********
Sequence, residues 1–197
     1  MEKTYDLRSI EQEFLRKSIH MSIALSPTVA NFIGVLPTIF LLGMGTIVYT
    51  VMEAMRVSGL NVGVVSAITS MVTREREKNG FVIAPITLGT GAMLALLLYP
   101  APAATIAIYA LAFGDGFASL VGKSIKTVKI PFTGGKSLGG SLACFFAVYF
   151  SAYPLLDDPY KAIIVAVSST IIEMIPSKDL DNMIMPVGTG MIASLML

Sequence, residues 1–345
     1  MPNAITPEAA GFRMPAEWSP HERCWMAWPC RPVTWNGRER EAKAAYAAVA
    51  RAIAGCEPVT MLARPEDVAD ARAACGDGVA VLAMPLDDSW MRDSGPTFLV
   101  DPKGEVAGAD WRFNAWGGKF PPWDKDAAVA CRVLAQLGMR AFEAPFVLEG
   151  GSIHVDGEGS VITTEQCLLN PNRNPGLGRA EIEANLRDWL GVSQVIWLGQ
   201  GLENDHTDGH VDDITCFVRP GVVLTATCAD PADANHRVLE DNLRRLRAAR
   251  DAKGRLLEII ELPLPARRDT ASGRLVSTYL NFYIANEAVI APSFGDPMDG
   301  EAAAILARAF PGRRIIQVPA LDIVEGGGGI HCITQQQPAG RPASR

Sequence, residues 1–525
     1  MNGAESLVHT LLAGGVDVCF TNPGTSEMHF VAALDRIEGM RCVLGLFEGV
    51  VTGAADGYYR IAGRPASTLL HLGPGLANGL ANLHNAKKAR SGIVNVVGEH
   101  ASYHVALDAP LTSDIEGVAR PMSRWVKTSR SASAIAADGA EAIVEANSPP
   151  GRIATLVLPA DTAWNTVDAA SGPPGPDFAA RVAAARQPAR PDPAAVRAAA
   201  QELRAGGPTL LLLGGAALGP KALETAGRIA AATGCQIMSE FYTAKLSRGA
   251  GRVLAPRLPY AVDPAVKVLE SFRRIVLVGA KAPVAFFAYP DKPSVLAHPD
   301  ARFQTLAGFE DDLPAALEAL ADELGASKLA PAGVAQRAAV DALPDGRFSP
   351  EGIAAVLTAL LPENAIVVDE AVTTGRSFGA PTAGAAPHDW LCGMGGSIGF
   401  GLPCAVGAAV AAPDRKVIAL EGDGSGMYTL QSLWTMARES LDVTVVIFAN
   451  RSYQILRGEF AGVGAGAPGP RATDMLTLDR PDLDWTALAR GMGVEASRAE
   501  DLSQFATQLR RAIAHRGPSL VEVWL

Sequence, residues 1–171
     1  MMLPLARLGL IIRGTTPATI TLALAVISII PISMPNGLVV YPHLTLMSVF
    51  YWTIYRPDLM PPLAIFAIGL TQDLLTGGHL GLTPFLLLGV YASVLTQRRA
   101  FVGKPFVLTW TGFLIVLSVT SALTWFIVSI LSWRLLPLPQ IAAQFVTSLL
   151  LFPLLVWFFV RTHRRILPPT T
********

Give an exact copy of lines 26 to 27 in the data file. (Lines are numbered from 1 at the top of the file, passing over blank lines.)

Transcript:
Sequence, residues 1–171
     1  MMLPLARLGL IIRGTTPATI TLALAVISII PISMPNGLVV YPHLTLMSVF